Reynolda Gardens, 1917-1919, circa 1920s, and 1998
Wake Forest University
Sears, Thomas Warren 1880-1966
Buckenham & Miller
Keen, Charles Barton
Keen, Charles Barton
Reynolds, Katharine Smith 1880-1924
Reynolds, R. J (Richard Joshua) 1906-1964
3 folders+ 61 glass plate negatives, and 4 35mm slides
Mixed archival materials
United States of America, North Carolina, Forsyth, Winston-Salem
Reynolda Gardens (Winston-Salem, North Carolina)
1917-1919, circa 1920s, and 1998
Reynolda was the county house estate of the founder of R. J. Reynolds Tobacco Company, Robert Joshua Reynolds, and his wife, Katharine Smith Reynolds, comprising nearly 1,100 acres that included a 38,000 square foot house built for them by architect Charles Barton Keen. Reynolda was primarily conceived by Katharine Reynolds to include a family home with gardens, a village within the estate that housed the twenty families that worked on the self-contained estate, a 350-acre dairy, grain and vegetable farm, a 19-acre golf course with grazing sheep, and woodlands with thousands of daffodils. Before the house and formal gardens were built, Lord and Burnham constructed commercial greenhouses and a large glass conservatory on the property in 1913. Mrs. Reynolds decided to site a four-acre formal garden next to the greenhouses, near the public road, for the benefit of passersby. The first garden designers on the estate were Miller and Buckenham, and then Thomas Sears was brought in to design the viewable greenhouse garden, as well as gardens at the house and boathouse. The boathouse was sited beside the 16-acre artificial Lake Katharine created by Miller and Buckenham's stone-faced dam. The lake has since partially filled with silt and become a wetlands habitat.
Thomas Sears' 1917 formal greenhouse garden was divided into two rectangles, an approximately two-acre formal rose and perennial garden, and next to it another two-acre garden for fruit, flowers and vegetables. Grass panels that divided and surrounded the formal gardens were known as the sunken garden. The original rose garden was divided into four parterres, two planted with roses, one for blue and yellow flowers and the last for pink and white flowers. There were grass panels between the parterres with a double row of Japanese cedar trees on the horizontal axis. Rows of Japanese weeping cherry trees and southern magnolias were planted as a perimeter; later the trees shaded the rose garden to the extent that it had to be replanted when the garden was restored in 1997. Each axis of the two formal gardens ended in an attractive terminus, a feature of many of Sears' designs. These included pergolas and Japanese-styled teahouses for Katharine Reynolds, who wanted to include trees and features from Japanese gardens. Like the rose garden, the design of the fruit and vegetable garden was geometric with a central feature. At the time of its restoration, a large section of this garden was replanted with All-America selection roses, other flowers and herbs.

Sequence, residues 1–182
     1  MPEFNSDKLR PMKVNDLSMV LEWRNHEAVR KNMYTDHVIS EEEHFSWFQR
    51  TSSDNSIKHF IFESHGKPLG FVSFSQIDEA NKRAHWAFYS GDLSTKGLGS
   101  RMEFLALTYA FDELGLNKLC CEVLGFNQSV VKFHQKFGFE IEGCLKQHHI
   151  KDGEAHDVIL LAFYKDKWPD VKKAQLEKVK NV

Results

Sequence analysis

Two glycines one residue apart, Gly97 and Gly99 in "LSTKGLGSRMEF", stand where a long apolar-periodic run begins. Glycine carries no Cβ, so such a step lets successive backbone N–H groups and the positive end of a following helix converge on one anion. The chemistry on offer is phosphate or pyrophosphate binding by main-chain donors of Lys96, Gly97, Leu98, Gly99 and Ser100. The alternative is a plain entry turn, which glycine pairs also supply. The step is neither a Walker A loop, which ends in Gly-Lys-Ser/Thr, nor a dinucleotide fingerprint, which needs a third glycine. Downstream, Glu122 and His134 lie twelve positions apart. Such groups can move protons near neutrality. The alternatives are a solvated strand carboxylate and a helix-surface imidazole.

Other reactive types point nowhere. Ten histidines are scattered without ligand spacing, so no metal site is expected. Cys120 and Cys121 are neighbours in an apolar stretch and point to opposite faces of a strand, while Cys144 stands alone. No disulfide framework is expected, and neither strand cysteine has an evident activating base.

In the 1930's daughter Mary Reynolds Babcock and her stockbroker husband Charles Babcock bought her siblings' shares in the house and rehired Thomas Sears to redesign the gardens. Renovations to the house included moving the original central entrance to the side of the house, and new gardens were needed in front. A tulip and chrysanthemum garden was designed, with pink, white, blue and purple tulips and forget-me-nots complementing the colors of the new flagstone terrace. Summer flowers included heliotrope, plumbago, salvia, nicotiana, snapdragons and annual phlox, although heliotrope did not flourish in hot weather. Red, yellow, bronze, copper and terra cotta chrysanthemums were planted in autumn. Sears suggested poinsettias, camellias, chrysanthemums, gardenias and begonia semperflorens for a winter garden, but they were not winter hardy and were used for holiday decorations inside the house. Sears also designed a study garden in 1916, which comprises a patio with a recessed pool, stone benches and extensive plantings of rhododendrons and other flowering shrubs, a canopy of flowering magnolias, dogwood and crape myrtles, and an understory of ground covers, lilies, hosta, ferns and daffodils.
Reynolda is now the Reynolda House Museum of American Art. The gardens were donated to Wake Forest University in the 1960's by the Mary Reynolds Babcock Foundation.
Persons associated with this property include R.J. (Robert Joshua) Reynolds (c. 1850-1918) and Katharine Smith Reynolds Johnston (1880-1924) (former owners, 1909-1924); Mary Reynolds Babcock and Charles Babcock (former owners, 1935-1953); Wake Forest College, later University (owner beginning in 1958); Louis L. Miller and Horatio R. Buckenham (landscape designers, 1911-1913); Thomas Warren Sears (1880-1965) (landscape architect 1915-1917, 1930s); Robert Conrad (horticulturalist, c. 1910-1960); Charles Barton Keen (architect, 1912-1917).
Archives of American Gardens encourages the use of its archival materials for non-commercial, educational and personal use under the fair use provision of U.S. copyright law. Use or copyright restrictions may exist. It is incumbent upon the researcher to ascertain copyright status and assume responsibility for usage. All requests for duplication and use must be submitted in writing and approved by Archives of American Gardens.
Additional materials also located in the Library and Estate Archives of the Reynolda House at Wake Forest University.
The folder includes photocopies of articles, images, transcript of a lecture and thesis by Sherold D. Hollingsworth, brochures, and other information.
Smithsonian Gardens, Smithsonian Institution, PO Box 37012, Capital Gallery, Suite 3300, MRC 506, Washington, DC 20013-7012